State of Connecticut Home Follow Us on FacebookFollow Us on TwitterFollow Us on Flickr
Connecticut Department of Labor Home Connecticut Careers in Science, Technology, Engineering, and Mathematics - STEM
LMI Home About Us Publications FAQ Glossary Contact Us
Allergists and Immunologists Go Back to List
Diagnose, treat, and help prevent allergic diseases and disease processes affecting the immune system.
 Tools & Technology
 Tools used in this occupation:
 
  • Scanning light or spinning disk or laser scanning microscopes
  •  
  • Immunology analyzers
  •  
  • Microbiology analyzers
  •  
  • Medical suction or vacuum appliances
  •  
  • Medical syringe with needle
  •  Technology used in this occupation:
     
  • Medical software
  •  
  • Analytical or scientific software
  •  
  • Spreadsheet software
  •  
  • Presentation software
  •  
  • Office suite software
  •  Tasks
     
  • Present research findings at national meetings or in peer-reviewed journals.
  •  
  • Engage in self-directed learning and continuing education activities.
  •  
  • Document patients' medical histories.
  •  
  • Conduct laboratory or clinical research on allergy or immunology topics.
  •  
  • Provide allergy or immunology consultation or education to physicians or other health care providers.
  •  
  • Prescribe medication such as antihistamines, antibiotics, and nasal, oral, topical, or inhaled glucocorticosteroids.
  •  
  • Conduct physical examinations of patients.
  •  
  • Order or perform diagnostic tests such as skin pricks and intradermal, patch, or delayed hypersensitivity tests.
  •  
  • Educate patients about diagnoses, prognoses, or treatments.
  •  
  • Interpret diagnostic test results to make appropriate differential diagnoses.
  •  Skills
     
  • Reading Comprehension - Understanding written sentences and paragraphs in work related documents.
  •  
  • Active Listening - Giving full attention to what other people are saying, taking time to understand the points being made, asking questions as appropriate, and not interrupting at inappropriate times.
  •  
  • Speaking - Talking to others to convey information effectively.
  •  
  • Monitoring - Monitoring/Assessing performance of yourself, other individuals, or organizations to make improvements or take corrective action.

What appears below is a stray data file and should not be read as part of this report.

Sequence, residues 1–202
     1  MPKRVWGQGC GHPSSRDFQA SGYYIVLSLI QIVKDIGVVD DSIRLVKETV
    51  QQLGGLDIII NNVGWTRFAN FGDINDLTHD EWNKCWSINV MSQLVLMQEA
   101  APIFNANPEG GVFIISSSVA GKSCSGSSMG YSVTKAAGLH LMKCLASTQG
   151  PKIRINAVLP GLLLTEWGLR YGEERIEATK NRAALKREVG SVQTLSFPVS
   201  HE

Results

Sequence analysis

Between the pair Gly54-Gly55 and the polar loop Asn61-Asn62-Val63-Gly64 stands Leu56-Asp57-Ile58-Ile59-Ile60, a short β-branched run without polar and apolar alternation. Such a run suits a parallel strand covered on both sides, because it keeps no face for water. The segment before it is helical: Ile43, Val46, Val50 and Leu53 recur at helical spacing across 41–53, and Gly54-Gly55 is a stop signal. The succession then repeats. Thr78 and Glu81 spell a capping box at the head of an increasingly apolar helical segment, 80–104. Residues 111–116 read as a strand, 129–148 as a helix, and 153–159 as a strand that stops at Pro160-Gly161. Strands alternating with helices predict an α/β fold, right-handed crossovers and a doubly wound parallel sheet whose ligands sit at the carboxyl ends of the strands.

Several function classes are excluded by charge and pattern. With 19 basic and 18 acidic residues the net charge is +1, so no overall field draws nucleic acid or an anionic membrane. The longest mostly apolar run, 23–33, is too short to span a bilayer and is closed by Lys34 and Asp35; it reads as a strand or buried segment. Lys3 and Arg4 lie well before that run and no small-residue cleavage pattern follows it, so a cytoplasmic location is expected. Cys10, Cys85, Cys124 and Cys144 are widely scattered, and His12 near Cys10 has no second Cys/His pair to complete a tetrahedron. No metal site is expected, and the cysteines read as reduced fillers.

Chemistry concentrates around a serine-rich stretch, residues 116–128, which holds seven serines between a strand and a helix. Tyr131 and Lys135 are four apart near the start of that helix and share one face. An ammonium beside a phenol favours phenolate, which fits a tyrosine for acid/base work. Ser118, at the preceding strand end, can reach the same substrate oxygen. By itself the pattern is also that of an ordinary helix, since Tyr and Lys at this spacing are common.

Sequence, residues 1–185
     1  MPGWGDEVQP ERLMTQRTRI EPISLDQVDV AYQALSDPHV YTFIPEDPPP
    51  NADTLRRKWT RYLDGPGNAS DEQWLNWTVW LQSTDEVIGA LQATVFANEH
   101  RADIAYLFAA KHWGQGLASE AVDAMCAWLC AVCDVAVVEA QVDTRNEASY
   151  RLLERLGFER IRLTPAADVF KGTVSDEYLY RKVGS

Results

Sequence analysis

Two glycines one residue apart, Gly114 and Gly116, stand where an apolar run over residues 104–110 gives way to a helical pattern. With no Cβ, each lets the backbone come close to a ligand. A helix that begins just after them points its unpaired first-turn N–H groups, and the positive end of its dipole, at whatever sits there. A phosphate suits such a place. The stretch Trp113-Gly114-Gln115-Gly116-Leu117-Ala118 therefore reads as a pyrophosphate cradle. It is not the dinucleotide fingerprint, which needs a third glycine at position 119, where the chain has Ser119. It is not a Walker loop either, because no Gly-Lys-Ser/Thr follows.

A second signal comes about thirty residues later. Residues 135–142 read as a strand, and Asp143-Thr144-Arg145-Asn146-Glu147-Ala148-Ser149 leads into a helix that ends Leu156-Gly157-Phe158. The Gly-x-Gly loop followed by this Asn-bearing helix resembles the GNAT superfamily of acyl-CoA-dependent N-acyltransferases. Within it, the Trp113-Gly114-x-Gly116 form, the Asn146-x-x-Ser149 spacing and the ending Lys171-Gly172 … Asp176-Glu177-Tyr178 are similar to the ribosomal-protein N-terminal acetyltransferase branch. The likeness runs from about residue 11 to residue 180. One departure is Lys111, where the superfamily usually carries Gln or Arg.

•  
  • Critical Thinking - Using logic and reasoning to identify the strengths and weaknesses of alternative solutions, conclusions or approaches to problems.
  •  
  • Judgment and Decision Making - Considering the relative costs and benefits of potential actions to choose the most appropriate one.
  •  
  • Writing - Communicating effectively in writing as appropriate for the needs of the audience.
  •  
  • Active Learning - Understanding the implications of new information for both current and future problem-solving and decision-making.
  •  
  • Complex Problem Solving - Identifying complex problems and reviewing related information to develop and evaluate options and implement solutions.
  •  
  • Social Perceptiveness - Being aware of others' reactions and understanding why they react as they do.
  •  Knowledge
     
  • Medicine and Dentistry - Knowledge of the information and techniques needed to diagnose and treat human injuries, diseases, and deformities. This includes symptoms, treatment alternatives, drug properties and interactions, and preventive health-care measures.
  •  
  • Biology - Knowledge of plant and animal organisms, their tissues, cells, functions, interdependencies, and interactions with each other and the environment.
  •  
  • Customer and Personal Service - Knowledge of principles and processes for providing customer and personal services. This includes customer needs assessment, meeting quality standards for services, and evaluation of customer satisfaction.